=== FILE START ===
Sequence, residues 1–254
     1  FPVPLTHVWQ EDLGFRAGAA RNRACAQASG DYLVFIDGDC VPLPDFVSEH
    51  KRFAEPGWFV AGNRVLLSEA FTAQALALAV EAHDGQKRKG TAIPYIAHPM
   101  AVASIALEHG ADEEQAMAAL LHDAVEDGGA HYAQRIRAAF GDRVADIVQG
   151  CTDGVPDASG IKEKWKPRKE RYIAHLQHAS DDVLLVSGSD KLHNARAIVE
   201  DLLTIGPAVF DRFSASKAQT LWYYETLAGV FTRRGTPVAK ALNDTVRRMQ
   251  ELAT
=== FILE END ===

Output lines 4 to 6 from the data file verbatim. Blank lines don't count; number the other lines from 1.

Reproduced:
   101  AVASIALEHG ADEEQAMAAL LHDAVEDGGA HYAQRIRAAF GDRVADIVQG
   151  CTDGVPDASG IKEKWKPRKE RYIAHLQHAS DDVLLVSGSD KLHNARAIVE
   201  DLLTIGPAVF DRFSASKAQT LWYYETLAGV FTRRGTPVAK ALNDTVRRMQ